Clinical Hypnotherapy Theory

Clinical Hypnotherapy Theory

How does Hypnotherapy work?

How does Clinical Hypnotherapy work?

Psychologists do not agree on exactly how hypnotherapy works, but  a century of scientific research has proved that it does work. Each Clinical Hypnotherapy Theory tries to explain how hypnotherapy gets the powerful effects it does. Each theory is at least partly right.

After more than a hundred years of trial-and-error hypnotists have learned what works. As as long as the results are consistent, it does not matter which particular theory you favor.

Core Belief Theory

This theory states that there are essential core beliefs about the self. These are beliefs about Identity, Behavior and Capability. There is also an associated area of beliefs, usually not consciously examined, about how to survive in the world. These can be expressed as Rules. Accepting this theory gives a useful and effective target for hypnotherapy techniques.

Behavior Cycle Theory

The behavior cycle theory of clinical hypnotherapy states that much unconscious behavior arises from the inappropriate use of generalized solutions in specific situations. The essence of the theory is that people over-generalize from experience and distort current information to make current situations appear to be the same as past situations. Accepting this theory offers an elegant and consistent way to deal with many recurring problems and phobias.

 

Hypnotize Yourself Theory

This theory of clinical hypnotherapy states that many of the problems people have are the result of constantly thinking of negative outcomes. The constant repetition of negative words and images has the effect of hypnotising their own mind. Hypnotizing yourself maintains and worsens the Behaviour Cycle. Accepting this theory leads to therapies based on teaching people how to stop their negative thoughts and how to replace them with helpful positive thoughts. The result is often rapid and permanent improvement in many aspects of the client's life.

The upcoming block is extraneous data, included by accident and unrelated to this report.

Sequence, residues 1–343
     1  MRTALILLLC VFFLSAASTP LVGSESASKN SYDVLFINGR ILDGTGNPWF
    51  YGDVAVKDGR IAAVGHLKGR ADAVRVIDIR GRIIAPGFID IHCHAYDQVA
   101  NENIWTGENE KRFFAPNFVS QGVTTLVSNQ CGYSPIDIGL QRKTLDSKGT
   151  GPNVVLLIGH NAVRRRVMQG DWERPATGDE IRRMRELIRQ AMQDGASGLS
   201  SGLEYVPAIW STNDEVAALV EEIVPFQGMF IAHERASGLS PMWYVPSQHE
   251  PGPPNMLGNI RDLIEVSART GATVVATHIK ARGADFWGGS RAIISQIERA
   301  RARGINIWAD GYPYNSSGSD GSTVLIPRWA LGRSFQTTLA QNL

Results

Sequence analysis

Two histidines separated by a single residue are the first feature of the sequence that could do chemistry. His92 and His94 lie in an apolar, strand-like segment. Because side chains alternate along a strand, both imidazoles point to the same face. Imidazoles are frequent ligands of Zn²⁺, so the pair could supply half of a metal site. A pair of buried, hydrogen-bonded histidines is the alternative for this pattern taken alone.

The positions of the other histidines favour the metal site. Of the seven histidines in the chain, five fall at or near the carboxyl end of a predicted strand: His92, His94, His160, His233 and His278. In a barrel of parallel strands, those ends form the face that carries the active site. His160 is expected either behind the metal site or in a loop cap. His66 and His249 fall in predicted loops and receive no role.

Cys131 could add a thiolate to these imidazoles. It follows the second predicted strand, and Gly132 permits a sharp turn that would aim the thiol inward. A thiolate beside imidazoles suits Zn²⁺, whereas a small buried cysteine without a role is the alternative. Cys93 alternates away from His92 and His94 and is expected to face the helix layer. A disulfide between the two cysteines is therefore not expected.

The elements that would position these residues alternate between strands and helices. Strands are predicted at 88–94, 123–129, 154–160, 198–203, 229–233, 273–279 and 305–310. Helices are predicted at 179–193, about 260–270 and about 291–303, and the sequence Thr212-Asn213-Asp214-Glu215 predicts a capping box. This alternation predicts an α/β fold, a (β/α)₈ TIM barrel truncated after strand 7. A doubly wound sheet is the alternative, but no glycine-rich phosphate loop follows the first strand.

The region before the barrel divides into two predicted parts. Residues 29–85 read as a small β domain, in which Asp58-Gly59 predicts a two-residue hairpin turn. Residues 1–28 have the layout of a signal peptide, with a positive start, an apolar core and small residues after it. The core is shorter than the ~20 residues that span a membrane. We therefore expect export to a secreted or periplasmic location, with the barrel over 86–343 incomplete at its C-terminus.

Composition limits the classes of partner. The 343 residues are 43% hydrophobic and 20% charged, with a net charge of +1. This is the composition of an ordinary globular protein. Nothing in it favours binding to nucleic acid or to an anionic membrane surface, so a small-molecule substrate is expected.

Anchoring Theory

Anchoring theory states that behaviour that is automatic and seems to be outside the client's control is the result of conditioned responses. The human mind is adept at learning to generalise from repeated experiences and once a satisfactory response has developed to deal with a class of events, then the mind makes these responses automatic and removes them from conscious awareness. The client is then forced to use an inappropriate behaviour in response to events which are overgeneralised. Accepting this theory leads to a set of powerful techniques for removing anchors and conditioned behaviour.

 

Resource Atrophy

Resource Atrophy Theory

This theory states that the human mind has a learning mechanism that takes input from the world and creates memories of those inputs and associated behaviours. However, under certain conditions the mind can lose contact with its own memories and thus appears to have lost the resources needed to deal with particular situations. Accepting this theory leads to a therapy which seeks to identify and consolidate similar resources and thus re-connect the mind with appropriate memories of how to deal with its problems.

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 MORE RESOURCE PAGES ON HOW TO HYPNOTIZE

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